by Othniel T. Degahson, Jr.
The Commonwealth of Pennsylvania’s Department of Environmental Protection is proposing an increase in the price of a shale gas well permit from $5,000 per well to $12,500 per well. The Department of Environmental protection justifies this as a necessity to keep the state’s oil and gas oversight program from operating at a deficit, as permit fee revenue has seen a large decrease since 2014-2015. As the DEP gets a large amount of its funding from permit revenue, they have had to decrease the amount of employees in their oil and gas program.
Permit fees for shale gas wells are paid once at a well’s birth and inspection responsibilities continue until the well is plugged decades later.
The state government under Governor Tom Wolf has known that the DEP needed more money, yet they delayed on permit fee increases due to state budget negotiations that had the possibility of a severance tax on shale, which would have a portion of those funds allocated to the DEP’s oil and gas program.
Industry representatives are generally supportive of a fee increase “to provide DEP’s oil and gas program with the resources it needs” but were blind sighted by the size of the fee increase, especially given what they viewed as excessive amounts of time for the permits to become approved. Marcellus Shale Coalition data shows the average permit wait time increase from 57 days in 2016 to 111 days in 2017.
Mike Turzai, the Speaker of Pennsylvania’s House, is the fourth candidate to announce a run for the GOP gubernatorial nomination next spring. He joins Scott Wagner, Paul Mango and Laura Ellsworth in the race for the opportunity to unseat Democratic Governor Tom Wolf in November 2018.
Pennsylvania Governor Tom Wolf has started his term off with a series of meetings and visits with members of the state legislature. Wolf’s spokesman said he has already visited about 50 members of the legislature with plans for more. In a piece for the Philadelphia Inquirer, Amy Worden and Angela Couloumbis capture some interesting responses from inside the Capitol. Here are a couple:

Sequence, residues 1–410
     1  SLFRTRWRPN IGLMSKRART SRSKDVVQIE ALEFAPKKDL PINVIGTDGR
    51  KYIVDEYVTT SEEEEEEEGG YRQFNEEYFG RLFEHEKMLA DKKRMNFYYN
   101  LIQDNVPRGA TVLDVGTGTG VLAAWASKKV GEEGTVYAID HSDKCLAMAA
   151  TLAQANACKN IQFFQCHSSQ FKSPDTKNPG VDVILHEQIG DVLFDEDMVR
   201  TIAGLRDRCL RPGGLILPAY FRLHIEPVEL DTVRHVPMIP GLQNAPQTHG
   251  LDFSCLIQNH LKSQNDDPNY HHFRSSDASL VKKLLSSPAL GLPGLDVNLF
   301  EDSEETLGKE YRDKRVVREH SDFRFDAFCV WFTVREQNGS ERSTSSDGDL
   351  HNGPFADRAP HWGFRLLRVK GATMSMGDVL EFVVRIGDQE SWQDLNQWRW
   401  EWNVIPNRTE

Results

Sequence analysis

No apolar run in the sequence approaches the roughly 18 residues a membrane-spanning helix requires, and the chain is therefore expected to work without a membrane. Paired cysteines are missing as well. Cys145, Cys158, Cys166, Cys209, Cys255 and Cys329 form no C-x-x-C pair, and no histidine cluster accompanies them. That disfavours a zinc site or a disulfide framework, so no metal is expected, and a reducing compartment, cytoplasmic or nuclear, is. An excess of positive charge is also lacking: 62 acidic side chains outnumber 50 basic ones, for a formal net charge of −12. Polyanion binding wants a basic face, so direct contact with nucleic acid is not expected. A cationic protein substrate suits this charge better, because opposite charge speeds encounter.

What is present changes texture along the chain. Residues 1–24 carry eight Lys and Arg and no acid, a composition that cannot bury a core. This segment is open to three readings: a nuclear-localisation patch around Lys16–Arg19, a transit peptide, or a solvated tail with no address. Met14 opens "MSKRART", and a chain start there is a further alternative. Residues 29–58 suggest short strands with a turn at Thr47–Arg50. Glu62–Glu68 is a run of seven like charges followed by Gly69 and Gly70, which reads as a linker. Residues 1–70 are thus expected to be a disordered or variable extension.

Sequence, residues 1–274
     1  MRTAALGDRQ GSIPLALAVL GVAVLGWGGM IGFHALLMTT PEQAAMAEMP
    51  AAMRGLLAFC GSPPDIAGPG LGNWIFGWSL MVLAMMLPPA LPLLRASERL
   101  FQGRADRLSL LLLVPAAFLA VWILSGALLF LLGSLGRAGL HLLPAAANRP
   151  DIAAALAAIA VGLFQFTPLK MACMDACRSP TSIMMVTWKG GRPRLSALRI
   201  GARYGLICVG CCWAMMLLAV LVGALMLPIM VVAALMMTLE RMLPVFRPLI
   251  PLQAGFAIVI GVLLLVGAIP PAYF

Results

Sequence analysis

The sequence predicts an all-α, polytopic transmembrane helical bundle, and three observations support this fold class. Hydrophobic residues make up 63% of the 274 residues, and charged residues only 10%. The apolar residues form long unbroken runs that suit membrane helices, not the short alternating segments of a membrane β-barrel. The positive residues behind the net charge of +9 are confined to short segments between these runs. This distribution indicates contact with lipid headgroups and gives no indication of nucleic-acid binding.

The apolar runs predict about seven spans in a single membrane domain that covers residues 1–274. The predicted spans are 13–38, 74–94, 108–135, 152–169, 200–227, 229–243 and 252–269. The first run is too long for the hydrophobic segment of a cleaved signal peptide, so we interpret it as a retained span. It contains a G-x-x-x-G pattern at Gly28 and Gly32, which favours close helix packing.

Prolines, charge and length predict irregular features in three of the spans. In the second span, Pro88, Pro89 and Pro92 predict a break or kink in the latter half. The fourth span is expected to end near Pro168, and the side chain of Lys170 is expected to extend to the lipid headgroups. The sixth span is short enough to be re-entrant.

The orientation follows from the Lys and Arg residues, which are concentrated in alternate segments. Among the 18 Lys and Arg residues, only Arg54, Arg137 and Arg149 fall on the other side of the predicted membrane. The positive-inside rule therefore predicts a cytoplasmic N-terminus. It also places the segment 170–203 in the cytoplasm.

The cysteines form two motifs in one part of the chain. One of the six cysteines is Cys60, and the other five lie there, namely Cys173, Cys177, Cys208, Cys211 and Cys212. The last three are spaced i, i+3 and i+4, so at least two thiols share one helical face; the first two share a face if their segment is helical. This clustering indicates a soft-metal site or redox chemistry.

“You don’t expect the governor of Pennsylvania to walk in when you hear a knock at the door.” Rep. Jordan Harris (D-Philadelphia).
“In a bipartisan way, he’s walking the halls, talking to members – that’s been unheard of in my 15 terms.” and “I’ve served under four governors, there’s never been a governor who went around to offices like this….I think it’s a new way and a new day, and we should recognize that.” Rep. Tony DeLuca (D-Allegheny).
“It was a nice surprise. I think he’s getting out to meet people on their own turf, and trying to establish a rapport, especially with people on the other side of the aisle.” Rep. Glen Grell (R-Cumberland).
Mike McGann of the Unionville Times offered a similar quote: “I was working late one night, my staff had already gone home. And I hear the door to my outer office open and I’m wondering what’s going on. And then my office door opens and it is Gov. Wolf, just coming by to say hello.” Rep. Steve Barrar (R-Delaware).
However, the final quote from the Worden and Couloumbis article sheds light on the potential effectiveness of this tactic in the current political environment:
Drew Crompton, the Senate Republicans’ chief counsel stated “Was it a nice gesture? Yes. But you know this place. . . . There aren’t things you are going to just gloss over because a guy shows up at your door.”